Once upon a time, not so very long ago, it was commonplace to see unwanted IT equipment tossed into skips outside office buildings. Nowadays, IT asset disposal is (fortunately!) a largely regulated activity, which protects personal and commercially confidential data as well as safeguarding the environment from the effects of dumping heavy metals into landfill and waterways.
Once equipment leaves the ownership of a company, or is returned from lease, the company’s responsibilities do not end there. It is critical to ensure that data is disposed of properly as well as the physical equipment. Whether the equipment is sold, donated to charity, returned to its manufacturer or sent for recycling, data sanitisation must be executed and must be certified as having been completed.
These guideline go a long way to ensuring compliance with all relevant regulations.
Draft An Equipment Disposal Strategy And A Policy
The strategy informs the disposal process and is primarily an internal IT document, while the policy is for the benefit of staff. The significant benefit of drafting a disposal strategy is that sufficient thought will have been given in advance to all aspects of equipment disposal, from data sanitisation of devices right through to proper eventual disposal to landfill in an environmentally safe manner. The strategy is usually an internal IT department document that also assigns roles and responsibilities. The policy document is intended for general distribution to all members of staff that informs them of the correct procedures to follow under a number of scenarios.
Comply With Data Protection And Environmental Regulations
The three sets of statutory regulations that must be complied with are:
- Data Protection Act (1998)
- EU General Data Protection Regulation (GDPR)
- Waste Electrical and Electronic Equipment Regulations (2013) (WEEE)
Consider Independent Verification
Independent verification of all certified actions acts as a safeguard against fraud, theft and the human propensity for genuine errors. Equipment entrusted to an individual for secure disposal often has monetary value, and there is always scope for fraudulent activity between individuals in otherwise highly trusted and reputable organisations.
Outsourcing Considerations/Best Practices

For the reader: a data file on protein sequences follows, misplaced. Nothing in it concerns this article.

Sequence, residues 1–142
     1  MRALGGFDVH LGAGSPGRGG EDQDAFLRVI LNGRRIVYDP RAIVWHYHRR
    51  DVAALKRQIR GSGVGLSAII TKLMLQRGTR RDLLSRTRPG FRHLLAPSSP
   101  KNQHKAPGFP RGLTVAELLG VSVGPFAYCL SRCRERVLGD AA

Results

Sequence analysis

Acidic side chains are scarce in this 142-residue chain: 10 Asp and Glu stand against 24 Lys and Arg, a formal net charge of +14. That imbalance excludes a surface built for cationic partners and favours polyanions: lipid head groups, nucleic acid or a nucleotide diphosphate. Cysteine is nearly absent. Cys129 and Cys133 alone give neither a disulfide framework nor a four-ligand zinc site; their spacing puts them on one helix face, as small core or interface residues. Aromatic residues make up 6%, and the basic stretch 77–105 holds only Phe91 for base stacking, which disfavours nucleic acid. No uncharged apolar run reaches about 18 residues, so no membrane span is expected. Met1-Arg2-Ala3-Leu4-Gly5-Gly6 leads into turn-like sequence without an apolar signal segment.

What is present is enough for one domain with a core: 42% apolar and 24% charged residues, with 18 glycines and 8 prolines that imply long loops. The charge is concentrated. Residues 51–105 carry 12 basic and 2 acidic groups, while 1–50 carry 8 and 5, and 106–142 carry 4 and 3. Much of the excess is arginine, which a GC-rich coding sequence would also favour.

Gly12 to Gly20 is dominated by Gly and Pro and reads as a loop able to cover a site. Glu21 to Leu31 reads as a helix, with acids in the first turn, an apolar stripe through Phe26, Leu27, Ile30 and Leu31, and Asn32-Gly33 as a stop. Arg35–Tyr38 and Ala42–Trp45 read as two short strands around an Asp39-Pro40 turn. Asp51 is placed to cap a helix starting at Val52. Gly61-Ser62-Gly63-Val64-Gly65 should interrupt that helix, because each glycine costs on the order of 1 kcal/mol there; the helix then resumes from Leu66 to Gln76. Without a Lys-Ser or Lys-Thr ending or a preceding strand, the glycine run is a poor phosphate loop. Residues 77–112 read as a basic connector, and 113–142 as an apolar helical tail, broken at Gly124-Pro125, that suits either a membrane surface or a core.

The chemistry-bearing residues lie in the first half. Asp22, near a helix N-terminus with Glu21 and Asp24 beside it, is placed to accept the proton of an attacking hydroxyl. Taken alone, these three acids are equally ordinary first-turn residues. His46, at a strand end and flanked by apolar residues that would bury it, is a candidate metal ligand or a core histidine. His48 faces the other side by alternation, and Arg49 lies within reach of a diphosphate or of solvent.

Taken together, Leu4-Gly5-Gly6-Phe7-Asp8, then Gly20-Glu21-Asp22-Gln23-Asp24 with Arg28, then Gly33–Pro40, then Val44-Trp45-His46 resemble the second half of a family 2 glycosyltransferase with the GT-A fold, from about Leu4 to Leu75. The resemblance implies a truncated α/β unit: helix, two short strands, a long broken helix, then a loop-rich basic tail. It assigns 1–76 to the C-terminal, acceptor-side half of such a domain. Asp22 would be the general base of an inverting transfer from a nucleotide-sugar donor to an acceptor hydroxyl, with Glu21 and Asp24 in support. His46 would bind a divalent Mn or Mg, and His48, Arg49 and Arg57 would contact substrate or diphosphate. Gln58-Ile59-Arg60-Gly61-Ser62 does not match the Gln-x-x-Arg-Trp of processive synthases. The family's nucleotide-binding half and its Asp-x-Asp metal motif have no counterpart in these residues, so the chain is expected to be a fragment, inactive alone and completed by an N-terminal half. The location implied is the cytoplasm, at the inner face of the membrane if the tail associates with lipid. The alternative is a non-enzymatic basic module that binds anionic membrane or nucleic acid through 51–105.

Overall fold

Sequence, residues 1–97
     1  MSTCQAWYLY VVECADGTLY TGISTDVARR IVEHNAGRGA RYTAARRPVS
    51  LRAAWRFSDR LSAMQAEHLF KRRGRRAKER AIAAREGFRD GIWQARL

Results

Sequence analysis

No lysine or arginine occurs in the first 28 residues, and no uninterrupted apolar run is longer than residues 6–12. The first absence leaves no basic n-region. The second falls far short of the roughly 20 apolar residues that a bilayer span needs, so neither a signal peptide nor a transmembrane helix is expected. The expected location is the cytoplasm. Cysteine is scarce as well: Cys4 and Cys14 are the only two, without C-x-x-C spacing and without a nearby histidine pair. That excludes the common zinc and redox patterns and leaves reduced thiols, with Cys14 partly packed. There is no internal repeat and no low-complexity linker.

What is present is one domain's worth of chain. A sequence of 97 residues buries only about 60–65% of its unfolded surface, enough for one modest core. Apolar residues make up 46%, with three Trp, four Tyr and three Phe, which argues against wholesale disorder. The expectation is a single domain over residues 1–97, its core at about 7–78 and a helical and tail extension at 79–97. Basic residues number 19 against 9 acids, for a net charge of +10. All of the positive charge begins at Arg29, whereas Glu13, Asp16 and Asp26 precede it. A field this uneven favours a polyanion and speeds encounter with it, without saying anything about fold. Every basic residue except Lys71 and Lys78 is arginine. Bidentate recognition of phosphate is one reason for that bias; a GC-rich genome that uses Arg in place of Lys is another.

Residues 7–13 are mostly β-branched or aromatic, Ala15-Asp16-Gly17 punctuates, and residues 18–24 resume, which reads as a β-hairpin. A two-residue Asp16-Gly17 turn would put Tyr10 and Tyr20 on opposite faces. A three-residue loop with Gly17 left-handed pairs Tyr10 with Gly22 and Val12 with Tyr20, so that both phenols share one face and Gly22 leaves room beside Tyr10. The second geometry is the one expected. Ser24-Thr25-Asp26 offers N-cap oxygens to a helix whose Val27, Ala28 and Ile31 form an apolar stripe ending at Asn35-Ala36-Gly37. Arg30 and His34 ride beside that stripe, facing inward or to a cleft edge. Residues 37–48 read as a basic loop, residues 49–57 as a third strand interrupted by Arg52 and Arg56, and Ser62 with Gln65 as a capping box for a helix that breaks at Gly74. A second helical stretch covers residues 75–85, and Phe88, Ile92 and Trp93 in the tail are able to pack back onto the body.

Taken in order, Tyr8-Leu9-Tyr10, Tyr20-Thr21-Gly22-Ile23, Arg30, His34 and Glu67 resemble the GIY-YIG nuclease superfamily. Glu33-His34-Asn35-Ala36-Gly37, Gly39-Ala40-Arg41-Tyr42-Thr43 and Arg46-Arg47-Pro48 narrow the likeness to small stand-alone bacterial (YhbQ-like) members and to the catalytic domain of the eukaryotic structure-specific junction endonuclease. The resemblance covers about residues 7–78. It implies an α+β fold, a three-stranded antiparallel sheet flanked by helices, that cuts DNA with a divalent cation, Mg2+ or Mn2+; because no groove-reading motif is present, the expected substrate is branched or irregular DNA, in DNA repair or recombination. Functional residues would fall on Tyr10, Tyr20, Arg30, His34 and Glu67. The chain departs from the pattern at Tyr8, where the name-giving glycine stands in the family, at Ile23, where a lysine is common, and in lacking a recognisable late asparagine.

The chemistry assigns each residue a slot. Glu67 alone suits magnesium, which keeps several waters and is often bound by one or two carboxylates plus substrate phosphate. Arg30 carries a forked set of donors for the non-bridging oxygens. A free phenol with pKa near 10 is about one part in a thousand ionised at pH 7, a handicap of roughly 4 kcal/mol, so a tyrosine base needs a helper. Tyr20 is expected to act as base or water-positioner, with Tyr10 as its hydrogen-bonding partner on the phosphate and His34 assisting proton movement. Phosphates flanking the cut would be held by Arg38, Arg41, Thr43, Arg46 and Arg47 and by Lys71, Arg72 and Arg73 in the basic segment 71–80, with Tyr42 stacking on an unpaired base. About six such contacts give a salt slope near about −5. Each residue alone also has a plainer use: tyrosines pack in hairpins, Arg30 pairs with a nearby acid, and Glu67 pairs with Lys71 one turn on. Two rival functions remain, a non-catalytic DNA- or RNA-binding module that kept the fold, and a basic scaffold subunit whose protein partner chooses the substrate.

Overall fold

If outsourced, only an IT asset disposal company with relevant public liability insurance should be employed. Insurance cover must start from the moment they take possession of equipment and should cover both hardware and data.
If outsourced, it is preferable to select a company that is certified by ADISA (Asset Disposal and Information Security Alliance) which ensures that the highest standards of environmental responsibility, safety and confidentiality will be deployed. Selecting such a supplier demonstrates that appropriate Due Diligence has been applied to the end-to-end disposal process.
Data Sanitisation Best Practices
Whoever is responsible for data sanitisation (in-house or outsourced) must be able to guarantee that it has been fully executed and provide a certificate to that effect for each individual asset that was submitted for cleansing.
If the relevant media (e.g. HDD) has not been destroyed then the data must be comprehensively deleted and cleansed using software approved by CESG (Communications-Electronics Security Group, part of GCHQ).
Be cloud-aware in that device settings may need to be reset, especially as they may access data in the cloud. Also, users of cloud accounts that were linked to a device may still retain access to that device.
Retain all certificates as artefacts of proof in the chain of evidence records for each asset that is subject to data sanitisation, regardless of whether it is being disposed of or not.
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